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May 23, 2000

Smaller Banks to Get Closer Fed Scrutiny Over Riskier Loans
Dow Jones Newswires

Finally, the Fed Steps in...Weiss comments

WASHINGTON -- Federal Reserve Vice Chairman Roger Ferguson said Monday the Fed is increasing its surveillance of smaller banks with high concentrations of commercial and construction loans -- lending that may present potential trouble should the economy slow down.

"The late 1980s and early 1990s are a vivid illustration of the perils of weakening underwriting standards and credit concentrations. I should note that despite these lessons, many community banks have been expanding commercial real-estate and construction lending as never before," Ferguson said in prepared remarks to be delivered before the Independent Community Bankers of America. His text didn't mention monetary policy or the economic outlook.

"Commercial real-estate markets appear to be healthy now, but they are cyclical in nature and therefore must be approached with caution," he said.

Ferguson said small banks, those with $1 billion or less in assets, held about 12% of those assets in commercial real-estate and construction loans in 1990. That has since risen to about 17%. "As a supervisory response, we are stepping up oversight of those individual institutions that have higher concentrations of commercial and construction loans, especially in markets in which growth has been particularly strong and those in which vacancy rates appear to be rising," he said.

Banks have had an incentive to go after riskier loans because of fierce competition, Ferguson said. But they should be wary of the profits made on higher risk, higher return ventures.

"To the extent bank managements are not evaluating their income on a risk-adjusted basis, they are deluding themselves and their boards into thinking that profits are improving, when, in fact, greater embedded losses may be growing beneath the surface of ostensibly sound loan portfolios," he said.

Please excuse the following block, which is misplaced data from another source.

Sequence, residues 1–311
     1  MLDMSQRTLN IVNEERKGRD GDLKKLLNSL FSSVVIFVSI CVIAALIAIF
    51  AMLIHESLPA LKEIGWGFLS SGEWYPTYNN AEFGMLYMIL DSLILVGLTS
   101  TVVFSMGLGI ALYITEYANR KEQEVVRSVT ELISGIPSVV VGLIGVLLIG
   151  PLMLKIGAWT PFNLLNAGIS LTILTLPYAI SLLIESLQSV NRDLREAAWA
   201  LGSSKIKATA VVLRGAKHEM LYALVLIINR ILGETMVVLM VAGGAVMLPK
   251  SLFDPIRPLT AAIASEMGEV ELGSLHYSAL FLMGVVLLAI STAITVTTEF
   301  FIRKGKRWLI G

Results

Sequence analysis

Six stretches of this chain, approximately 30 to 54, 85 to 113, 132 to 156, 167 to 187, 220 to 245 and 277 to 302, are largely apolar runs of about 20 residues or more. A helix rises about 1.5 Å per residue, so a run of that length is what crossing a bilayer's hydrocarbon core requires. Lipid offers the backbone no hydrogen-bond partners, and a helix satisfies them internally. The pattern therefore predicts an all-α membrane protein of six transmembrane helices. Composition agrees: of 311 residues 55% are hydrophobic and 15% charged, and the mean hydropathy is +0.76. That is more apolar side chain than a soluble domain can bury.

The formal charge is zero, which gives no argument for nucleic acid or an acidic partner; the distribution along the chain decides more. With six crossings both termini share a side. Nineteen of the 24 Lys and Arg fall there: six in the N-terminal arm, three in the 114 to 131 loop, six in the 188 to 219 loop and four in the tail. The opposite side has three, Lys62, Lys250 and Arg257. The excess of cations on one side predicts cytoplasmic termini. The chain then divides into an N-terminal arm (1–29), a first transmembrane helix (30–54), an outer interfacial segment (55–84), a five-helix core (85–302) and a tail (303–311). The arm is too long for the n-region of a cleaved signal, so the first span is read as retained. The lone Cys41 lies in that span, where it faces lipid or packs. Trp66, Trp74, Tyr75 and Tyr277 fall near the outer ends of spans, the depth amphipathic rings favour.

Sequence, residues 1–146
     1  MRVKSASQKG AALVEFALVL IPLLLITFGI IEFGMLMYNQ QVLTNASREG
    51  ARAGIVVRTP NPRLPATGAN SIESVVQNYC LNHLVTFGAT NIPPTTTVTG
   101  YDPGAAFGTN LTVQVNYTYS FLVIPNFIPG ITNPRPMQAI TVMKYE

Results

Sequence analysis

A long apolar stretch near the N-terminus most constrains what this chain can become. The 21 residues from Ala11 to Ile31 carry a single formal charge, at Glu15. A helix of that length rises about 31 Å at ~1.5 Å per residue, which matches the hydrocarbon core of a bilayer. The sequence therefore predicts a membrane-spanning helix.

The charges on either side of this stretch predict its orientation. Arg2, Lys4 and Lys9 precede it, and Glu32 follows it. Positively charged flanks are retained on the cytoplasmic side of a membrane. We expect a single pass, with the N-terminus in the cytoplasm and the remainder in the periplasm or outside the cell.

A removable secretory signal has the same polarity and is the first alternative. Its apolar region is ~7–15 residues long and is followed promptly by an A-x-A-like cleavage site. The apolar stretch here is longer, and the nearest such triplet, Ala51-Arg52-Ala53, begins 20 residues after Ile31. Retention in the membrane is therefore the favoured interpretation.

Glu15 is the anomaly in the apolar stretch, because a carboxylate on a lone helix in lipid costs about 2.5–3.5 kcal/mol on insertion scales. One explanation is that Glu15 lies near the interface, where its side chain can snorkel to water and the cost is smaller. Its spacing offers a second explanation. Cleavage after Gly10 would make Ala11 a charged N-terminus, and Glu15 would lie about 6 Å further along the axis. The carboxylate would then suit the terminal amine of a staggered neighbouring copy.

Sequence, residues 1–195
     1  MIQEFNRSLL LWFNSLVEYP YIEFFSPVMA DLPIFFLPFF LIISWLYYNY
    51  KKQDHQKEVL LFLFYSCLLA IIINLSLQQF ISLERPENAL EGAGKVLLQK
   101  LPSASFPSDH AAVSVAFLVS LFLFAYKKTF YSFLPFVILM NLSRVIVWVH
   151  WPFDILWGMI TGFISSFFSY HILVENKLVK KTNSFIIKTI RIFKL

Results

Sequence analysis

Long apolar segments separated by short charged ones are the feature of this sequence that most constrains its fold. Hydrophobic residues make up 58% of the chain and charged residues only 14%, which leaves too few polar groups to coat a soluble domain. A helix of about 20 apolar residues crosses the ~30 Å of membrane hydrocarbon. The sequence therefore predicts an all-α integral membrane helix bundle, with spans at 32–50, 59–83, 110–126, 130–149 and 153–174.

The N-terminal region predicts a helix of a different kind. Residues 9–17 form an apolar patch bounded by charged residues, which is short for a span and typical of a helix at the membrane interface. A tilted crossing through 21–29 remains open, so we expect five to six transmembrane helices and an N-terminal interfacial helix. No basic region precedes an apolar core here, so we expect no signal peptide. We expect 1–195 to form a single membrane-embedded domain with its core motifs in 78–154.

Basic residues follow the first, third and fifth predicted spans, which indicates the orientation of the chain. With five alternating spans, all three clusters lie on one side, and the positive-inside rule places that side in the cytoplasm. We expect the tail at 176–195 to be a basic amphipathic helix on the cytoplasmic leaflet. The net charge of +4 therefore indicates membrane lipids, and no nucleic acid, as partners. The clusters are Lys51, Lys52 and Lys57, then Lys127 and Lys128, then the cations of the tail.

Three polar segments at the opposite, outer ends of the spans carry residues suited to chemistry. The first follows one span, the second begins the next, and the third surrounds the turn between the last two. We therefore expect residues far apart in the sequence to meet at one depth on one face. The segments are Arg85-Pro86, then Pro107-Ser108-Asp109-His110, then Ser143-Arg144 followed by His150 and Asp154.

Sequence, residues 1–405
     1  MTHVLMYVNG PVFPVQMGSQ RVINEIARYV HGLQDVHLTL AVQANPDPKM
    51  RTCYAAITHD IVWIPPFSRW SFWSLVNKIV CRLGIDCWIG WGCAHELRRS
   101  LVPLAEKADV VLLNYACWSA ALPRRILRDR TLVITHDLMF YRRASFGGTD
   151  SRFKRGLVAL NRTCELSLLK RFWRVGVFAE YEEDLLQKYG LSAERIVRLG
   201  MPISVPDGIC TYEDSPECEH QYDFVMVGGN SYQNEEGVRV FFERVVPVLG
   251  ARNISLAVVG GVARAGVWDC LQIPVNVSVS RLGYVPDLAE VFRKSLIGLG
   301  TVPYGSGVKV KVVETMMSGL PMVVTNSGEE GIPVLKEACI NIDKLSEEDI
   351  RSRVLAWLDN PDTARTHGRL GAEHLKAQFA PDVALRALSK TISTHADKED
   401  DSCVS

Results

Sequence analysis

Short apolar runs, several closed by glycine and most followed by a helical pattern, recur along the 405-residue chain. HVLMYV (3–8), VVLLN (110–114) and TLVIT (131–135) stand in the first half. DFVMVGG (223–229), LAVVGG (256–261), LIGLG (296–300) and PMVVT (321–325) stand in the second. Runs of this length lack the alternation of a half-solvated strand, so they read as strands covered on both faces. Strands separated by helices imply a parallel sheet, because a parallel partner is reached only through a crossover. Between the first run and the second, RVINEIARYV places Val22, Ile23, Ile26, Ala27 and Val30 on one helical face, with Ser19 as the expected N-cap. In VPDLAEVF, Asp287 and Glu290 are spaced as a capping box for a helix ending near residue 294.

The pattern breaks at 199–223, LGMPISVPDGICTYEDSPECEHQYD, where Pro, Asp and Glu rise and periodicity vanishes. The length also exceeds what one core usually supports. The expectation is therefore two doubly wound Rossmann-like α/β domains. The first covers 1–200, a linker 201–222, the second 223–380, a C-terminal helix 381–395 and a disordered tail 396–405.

Ferguson also used the occasion to remind bankers to be wary of interest-rate risk. Small banks are seen as more vulnerable to getting profits get squeezed when interest rates move higher because they have less fee income than larger banks. Higher rates mean a narrowing spread between what the banks can charge borrowers and what they have to pay to deposit holders. Such interest-rate risk is also affected by the maturity of assets a bank has, with the longer the maturity the riskier.

"There appears to be a marked change in attitude regarding interest-rate risk," Ferguson said, noting that the portion of bank assets maturing in five or more years has increased from 12% in 1990 to more than 20% at the end of 1999.

It's about time the Fed listen to us. We've been telling our subscribers about this problem for months. Lending by smaller banks has gone unfettered for far too long. Banks have extended a slew of new commercial and construction loans to risky parties.

In a period of rising interest rates, it is questionable whether these banks have taken into consideration higher borrowing costs and a higher risk of loan default when giving out these loans.

But, just sounding a warning to smaller banks is not going to solve this potentially dangerous problem. The Fed must act to tighten lending standards and become more hard line in enforcing the current lending standards.

In a bear market, which is what we are fast approaching, bad lending practices can push the economy into a heap of trouble. It is crucial that the Fed not just preach better lending practices, but act aggressively.